An application to build a unique, clean electricity power plant in Aberdeenshire, capable of powering 720,000 homes, has been approved by Ministers.

The decarbonised fuels project at Peterhead would be the first industrial scale project in the world to combine three separate technologies - hydrogen production, power generation and carbon capture and storage - to generate electricity using hydrogen from natural gas.

The hydrogen would be used to generate low carbon electricity, with the residual carbon dioxide then compressed and pumped back 4,000 metres below the seabed of the North Sea, to recover oil from the Miller oil field.

While BP had announced they were not pursuing this project, Ministers wished to consider the application so that, should a solution to BP's other concerns be found, they knew the result of their application under the Electricity Act.

Energy Minister Jim Mather said: "Carbon capture technology has the potential to transform the way we generate power. In significantly reducing carbon emissions, this project could become an icon for clean energy production throughout the world. "The proposal to build the carbon capture plant in Peterhead would put Scotland at the forefront of that clean electricity revolution and leading the fight against climate change.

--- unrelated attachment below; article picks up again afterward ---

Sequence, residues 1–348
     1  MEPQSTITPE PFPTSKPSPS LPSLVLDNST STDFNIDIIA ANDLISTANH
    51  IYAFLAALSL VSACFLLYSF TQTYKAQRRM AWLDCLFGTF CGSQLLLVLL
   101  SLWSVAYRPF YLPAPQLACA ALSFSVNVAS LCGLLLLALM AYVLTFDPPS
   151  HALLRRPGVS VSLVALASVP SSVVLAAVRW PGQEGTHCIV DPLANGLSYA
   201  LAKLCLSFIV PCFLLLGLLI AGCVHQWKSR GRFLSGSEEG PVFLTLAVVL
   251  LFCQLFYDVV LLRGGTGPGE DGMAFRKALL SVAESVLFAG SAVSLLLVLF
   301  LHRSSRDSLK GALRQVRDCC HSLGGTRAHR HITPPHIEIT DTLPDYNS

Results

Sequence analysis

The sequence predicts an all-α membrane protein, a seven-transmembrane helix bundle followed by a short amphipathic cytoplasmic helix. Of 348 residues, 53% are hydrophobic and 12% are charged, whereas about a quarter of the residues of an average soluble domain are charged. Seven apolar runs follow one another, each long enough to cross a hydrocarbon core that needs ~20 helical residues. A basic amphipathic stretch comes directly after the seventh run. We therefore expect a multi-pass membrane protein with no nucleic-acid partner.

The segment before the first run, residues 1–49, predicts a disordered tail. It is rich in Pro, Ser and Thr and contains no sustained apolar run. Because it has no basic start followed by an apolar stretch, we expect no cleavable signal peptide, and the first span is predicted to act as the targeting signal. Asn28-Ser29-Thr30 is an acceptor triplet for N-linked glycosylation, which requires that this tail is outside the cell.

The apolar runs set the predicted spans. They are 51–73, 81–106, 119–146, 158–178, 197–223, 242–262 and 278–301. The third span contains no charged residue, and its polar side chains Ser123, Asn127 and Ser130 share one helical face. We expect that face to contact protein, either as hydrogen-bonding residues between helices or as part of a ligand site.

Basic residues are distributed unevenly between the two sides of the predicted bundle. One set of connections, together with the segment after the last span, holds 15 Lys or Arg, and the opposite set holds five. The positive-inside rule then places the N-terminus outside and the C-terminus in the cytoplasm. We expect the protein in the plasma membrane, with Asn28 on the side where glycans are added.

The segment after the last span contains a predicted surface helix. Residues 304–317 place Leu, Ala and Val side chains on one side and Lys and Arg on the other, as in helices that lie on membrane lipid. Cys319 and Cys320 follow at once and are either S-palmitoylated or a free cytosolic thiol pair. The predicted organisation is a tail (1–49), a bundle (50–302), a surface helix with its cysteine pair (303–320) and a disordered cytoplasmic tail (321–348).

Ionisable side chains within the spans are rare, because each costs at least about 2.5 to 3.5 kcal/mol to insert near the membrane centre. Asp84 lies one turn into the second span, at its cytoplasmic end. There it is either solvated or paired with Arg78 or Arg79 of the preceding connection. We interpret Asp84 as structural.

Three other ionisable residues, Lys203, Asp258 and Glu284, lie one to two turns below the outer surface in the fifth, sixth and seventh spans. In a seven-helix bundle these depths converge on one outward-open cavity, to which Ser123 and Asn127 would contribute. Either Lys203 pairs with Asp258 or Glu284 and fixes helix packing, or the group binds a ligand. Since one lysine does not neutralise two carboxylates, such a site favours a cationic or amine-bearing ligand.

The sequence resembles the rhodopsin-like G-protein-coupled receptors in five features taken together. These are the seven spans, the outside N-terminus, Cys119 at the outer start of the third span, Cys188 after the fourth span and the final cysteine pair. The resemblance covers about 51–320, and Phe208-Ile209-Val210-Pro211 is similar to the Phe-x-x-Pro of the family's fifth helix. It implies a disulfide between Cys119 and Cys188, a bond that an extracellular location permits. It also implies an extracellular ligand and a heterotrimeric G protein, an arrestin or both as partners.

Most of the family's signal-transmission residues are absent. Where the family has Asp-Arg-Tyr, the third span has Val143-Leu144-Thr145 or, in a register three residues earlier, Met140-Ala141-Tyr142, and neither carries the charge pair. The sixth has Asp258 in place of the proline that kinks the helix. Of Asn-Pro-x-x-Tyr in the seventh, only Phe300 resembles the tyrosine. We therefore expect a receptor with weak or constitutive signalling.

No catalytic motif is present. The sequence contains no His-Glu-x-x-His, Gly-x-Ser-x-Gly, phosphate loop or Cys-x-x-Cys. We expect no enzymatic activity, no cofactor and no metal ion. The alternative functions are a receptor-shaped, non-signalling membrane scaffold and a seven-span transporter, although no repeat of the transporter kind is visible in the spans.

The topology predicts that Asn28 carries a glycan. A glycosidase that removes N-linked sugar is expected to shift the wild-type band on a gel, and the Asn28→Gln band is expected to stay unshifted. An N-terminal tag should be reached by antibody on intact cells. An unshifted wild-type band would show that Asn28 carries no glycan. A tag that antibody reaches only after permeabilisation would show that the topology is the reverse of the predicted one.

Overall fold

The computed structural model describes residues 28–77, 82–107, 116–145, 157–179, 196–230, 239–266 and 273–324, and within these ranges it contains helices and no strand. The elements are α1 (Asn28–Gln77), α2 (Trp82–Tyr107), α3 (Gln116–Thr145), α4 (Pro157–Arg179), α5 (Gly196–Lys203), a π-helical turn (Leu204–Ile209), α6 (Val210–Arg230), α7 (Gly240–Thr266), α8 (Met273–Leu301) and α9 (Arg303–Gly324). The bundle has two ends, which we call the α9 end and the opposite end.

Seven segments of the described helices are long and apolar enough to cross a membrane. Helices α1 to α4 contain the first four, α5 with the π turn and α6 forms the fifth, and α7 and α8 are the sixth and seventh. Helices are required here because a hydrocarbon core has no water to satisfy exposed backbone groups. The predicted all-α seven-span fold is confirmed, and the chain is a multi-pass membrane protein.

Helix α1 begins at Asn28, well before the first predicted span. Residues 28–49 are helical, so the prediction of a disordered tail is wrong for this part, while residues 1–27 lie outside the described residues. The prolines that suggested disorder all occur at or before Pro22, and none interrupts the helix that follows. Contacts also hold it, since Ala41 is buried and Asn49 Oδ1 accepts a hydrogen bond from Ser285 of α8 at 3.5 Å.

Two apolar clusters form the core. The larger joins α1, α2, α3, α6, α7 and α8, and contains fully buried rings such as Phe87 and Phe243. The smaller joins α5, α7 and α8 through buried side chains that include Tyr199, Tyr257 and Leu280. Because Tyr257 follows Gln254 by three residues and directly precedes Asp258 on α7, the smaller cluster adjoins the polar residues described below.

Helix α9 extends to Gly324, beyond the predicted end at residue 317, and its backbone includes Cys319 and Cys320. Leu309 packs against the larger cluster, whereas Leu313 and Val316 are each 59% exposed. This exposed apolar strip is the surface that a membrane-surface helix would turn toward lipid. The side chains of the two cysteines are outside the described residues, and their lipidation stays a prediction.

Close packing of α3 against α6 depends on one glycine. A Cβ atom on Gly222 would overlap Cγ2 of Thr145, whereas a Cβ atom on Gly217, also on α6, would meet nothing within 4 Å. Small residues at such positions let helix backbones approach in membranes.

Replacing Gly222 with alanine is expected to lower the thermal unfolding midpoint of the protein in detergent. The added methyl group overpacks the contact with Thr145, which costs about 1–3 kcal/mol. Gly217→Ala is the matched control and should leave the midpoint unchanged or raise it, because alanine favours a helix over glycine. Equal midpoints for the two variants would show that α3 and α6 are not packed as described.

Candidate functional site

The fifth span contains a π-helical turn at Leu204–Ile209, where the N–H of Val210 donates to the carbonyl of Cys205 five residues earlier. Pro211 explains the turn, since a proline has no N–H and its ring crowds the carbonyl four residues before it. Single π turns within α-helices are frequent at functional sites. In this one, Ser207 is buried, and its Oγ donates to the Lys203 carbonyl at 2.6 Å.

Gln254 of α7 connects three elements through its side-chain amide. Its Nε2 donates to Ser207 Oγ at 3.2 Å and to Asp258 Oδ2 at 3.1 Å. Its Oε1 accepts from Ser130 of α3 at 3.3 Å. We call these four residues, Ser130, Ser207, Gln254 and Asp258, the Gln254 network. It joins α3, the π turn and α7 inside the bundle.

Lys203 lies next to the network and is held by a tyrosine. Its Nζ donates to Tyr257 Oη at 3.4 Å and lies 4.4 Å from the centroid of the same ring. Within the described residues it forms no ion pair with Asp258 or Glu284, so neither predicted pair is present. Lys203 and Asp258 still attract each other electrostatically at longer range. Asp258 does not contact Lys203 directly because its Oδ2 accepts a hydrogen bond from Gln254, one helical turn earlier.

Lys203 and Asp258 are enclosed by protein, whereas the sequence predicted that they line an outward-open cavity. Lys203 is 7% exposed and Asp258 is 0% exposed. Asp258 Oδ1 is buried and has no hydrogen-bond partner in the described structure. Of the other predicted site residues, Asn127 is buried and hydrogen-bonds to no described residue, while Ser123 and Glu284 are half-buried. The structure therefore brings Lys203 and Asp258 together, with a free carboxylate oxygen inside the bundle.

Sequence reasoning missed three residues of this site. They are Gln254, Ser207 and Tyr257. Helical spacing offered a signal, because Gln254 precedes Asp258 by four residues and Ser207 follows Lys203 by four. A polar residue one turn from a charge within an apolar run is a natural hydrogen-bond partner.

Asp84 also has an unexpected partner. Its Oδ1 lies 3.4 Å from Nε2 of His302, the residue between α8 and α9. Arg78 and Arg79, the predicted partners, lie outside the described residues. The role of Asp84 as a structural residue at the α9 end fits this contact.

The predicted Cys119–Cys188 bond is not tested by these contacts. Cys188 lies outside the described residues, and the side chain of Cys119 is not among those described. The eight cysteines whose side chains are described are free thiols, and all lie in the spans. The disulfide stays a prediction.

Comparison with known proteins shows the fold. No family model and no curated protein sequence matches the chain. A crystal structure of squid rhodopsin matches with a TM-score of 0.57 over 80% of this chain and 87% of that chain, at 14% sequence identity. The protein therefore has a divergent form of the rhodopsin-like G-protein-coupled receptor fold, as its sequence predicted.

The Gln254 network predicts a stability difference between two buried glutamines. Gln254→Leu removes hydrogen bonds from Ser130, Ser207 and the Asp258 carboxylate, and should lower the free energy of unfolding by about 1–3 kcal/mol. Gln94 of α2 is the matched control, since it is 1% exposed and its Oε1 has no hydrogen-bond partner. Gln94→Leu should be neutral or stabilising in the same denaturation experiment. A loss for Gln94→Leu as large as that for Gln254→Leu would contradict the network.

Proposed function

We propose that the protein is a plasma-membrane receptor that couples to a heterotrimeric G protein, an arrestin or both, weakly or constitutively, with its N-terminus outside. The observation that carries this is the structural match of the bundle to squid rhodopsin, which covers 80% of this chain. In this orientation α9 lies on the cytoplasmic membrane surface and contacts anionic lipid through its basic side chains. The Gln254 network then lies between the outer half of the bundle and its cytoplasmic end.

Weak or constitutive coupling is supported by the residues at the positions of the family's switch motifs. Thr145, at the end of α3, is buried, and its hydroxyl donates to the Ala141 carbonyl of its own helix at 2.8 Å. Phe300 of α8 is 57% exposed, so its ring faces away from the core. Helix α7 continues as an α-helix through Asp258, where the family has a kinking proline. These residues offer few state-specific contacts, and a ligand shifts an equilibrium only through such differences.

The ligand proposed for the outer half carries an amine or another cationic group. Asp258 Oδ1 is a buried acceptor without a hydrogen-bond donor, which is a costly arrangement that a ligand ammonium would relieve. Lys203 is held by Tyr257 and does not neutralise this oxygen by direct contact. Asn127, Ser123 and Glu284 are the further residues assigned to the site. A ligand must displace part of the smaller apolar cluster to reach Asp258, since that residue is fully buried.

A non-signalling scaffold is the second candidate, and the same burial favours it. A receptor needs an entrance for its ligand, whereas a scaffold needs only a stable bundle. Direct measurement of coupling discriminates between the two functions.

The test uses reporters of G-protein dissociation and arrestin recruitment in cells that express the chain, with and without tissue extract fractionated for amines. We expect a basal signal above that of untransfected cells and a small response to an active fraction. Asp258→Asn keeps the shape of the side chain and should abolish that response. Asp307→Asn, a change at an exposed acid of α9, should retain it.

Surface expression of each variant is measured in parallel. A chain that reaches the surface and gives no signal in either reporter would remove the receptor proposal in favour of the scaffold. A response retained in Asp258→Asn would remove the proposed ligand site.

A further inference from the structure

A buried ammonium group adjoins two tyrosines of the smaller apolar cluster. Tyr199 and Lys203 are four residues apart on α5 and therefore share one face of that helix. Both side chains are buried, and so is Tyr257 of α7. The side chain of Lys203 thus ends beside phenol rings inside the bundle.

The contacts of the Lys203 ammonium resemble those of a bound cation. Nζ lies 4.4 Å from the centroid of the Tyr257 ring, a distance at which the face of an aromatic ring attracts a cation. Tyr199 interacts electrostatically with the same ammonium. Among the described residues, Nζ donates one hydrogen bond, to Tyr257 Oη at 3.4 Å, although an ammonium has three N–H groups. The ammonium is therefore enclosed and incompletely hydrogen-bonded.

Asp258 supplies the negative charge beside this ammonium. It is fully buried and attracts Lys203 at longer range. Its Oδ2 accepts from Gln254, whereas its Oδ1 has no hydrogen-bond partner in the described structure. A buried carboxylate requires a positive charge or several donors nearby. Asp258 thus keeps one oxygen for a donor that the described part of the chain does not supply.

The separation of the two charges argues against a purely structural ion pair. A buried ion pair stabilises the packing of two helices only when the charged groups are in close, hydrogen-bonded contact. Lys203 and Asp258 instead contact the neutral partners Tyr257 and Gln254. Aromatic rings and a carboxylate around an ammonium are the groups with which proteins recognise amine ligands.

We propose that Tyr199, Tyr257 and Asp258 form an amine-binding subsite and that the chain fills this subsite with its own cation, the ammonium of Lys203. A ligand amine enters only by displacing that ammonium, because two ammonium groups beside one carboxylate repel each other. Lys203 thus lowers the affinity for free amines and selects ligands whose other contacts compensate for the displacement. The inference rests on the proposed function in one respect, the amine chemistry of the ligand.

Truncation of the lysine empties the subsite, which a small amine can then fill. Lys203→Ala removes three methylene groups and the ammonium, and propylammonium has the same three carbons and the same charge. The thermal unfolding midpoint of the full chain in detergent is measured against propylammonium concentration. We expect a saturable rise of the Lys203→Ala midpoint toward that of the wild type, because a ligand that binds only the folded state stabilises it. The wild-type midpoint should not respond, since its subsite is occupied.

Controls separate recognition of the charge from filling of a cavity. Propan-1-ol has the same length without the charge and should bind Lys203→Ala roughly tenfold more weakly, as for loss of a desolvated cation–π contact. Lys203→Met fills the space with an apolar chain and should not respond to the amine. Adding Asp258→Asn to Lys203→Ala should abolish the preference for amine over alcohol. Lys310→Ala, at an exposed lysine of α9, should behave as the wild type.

"The reasons behind BP's recent announcement on this project are well known. I share their frustration with the DTI about the length of time it has taken to move forward. The First Minister has written to Alistair Darling to express his disappointment and to ask what more can be done.

"This Government is determined to play its part and is doing everything possible to bring this important project to fruition. I believe BP will look at this project further. Together, industry and government can make Scotland the world leader in new energy technology." An application was submitted to Scottish Ministers on August 1, 2006 for a 550 Megawatt Decarbonised Fuel power generation plant, adjacent to the existing Peterhead power station, in Aberdeenshire. Ministers have approved the construction and operation of the plant under Section 36 of the Electricity Act 1989.

The proposals are part of a wider DF1 project (decarbonised fuels project) which combines three separate technologies - hydrogen production, power generation and carbon capture and storage - in one project. The carbon dioxide would be compressed and dehydrated at the new power station, and transmitted through the existing Miller gas pipeline to the St Fergus gas processing plant, from where the carbon dioxide would be transported by pipeline to the Miller oil/gas field for injection 4 km below the seabed.

The injection of carbon dioxide will facilitate enhanced oil recovery and the applicant anticipates that this will extend the life of the Miller oil field by up to 20 years, allowing an estimated 57 million barrels of oil, which is not currently recoverable, to be produced.